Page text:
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Road Network Operations
& Intelligent Transport Systems
A guide for practitioners!
Freight and commercial drivers are controlled and regulated in many countries through testing and driver licensing to ensure a basic level of competence. Thereafter, law enforcement agencies monitor traffic offences such as speeding, running red lights and careless or dangerous driving. Traffic law violations result in fines or even custodial sentences in more serious cases. Many countries including the EU, US, Australia and Malaysia also operate a “demerit” system whereby penalty points are added or taken away from a driver’s licence depending on the penalty tariff for the system and the offence. Losing or accumulating enough penalty points in a given period can result in a driver’s licence being suspended or revoked. The offender may have to reapply for a licence after a period of suspension - which may also include retaking a driving test.
Some companies are turning to technology to constantly monitor their drivers’ behaviour to ensure that they drive safely and efficiently. Critical safety factors involving the commercial driver include hours of service, lane keeping, steering and pedal inputs, safety belt usage, following distance, turn signal use, and harsh braking and hard steering events can be tracked through software. Computers monitor driving style in terms of harsh braking, acceleration, gear changes and engine revolutions. This allows the company to review each driver’s data and to train them to improve the driving style, so increasing safety and saving costs through better fuel consumption and less vehicle wear and tear. (See On-board Monitoring and Telematics)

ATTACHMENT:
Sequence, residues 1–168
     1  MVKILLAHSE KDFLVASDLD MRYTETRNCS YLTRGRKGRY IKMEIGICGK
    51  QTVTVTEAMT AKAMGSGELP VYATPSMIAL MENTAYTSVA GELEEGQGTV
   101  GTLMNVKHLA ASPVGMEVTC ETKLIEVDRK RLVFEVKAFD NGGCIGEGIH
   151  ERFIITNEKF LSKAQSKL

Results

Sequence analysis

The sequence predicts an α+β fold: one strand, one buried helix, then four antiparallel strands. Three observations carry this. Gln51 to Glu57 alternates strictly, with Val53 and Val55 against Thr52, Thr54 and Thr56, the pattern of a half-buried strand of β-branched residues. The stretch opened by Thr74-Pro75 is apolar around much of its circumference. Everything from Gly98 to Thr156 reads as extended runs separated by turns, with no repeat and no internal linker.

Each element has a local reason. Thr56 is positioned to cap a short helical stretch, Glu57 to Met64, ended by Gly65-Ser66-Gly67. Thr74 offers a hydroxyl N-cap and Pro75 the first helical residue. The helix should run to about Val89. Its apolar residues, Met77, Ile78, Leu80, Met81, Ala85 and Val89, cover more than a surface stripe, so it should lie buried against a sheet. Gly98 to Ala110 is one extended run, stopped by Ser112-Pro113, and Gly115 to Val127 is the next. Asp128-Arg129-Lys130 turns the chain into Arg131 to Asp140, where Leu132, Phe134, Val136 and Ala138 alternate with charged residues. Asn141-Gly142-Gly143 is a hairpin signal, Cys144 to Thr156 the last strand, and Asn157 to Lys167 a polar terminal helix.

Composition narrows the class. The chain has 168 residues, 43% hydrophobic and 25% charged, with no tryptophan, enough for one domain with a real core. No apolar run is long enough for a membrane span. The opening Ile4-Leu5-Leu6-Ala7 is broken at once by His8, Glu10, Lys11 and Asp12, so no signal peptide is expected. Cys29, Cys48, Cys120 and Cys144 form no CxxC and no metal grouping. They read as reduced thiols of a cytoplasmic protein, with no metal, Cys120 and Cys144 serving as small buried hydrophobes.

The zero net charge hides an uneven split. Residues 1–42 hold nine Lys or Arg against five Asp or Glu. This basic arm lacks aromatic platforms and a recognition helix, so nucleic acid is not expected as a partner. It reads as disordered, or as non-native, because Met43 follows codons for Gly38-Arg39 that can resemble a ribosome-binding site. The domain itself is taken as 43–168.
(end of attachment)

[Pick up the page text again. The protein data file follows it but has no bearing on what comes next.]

The safety significance is substantial given that 57% of fatal truck accidents in the USA are attributed to driver fatigue whilst 70% of American drivers report driving whilst fatigued. In America, it is estimated that 1,500 deaths and 100,000 crashes a year are caused by drivers (of all vehicles) with a diminished vigilance level.
A number of vehicle manufacturers are currently developing or trialling the use of fatigue detection software in lorries (such as Volvo). This technology is also provided by 3rd parties. Having learnt a driver’s driving habits, the software is able to determine if his/her driving is affected by fatigue and to offer an audible warning. Other software approaches involve cameras tracking eye and head movements to detect fatigue. These have been trialled by Caterpillar in the mining sector and by a number of bus companies involved in pan-European travel.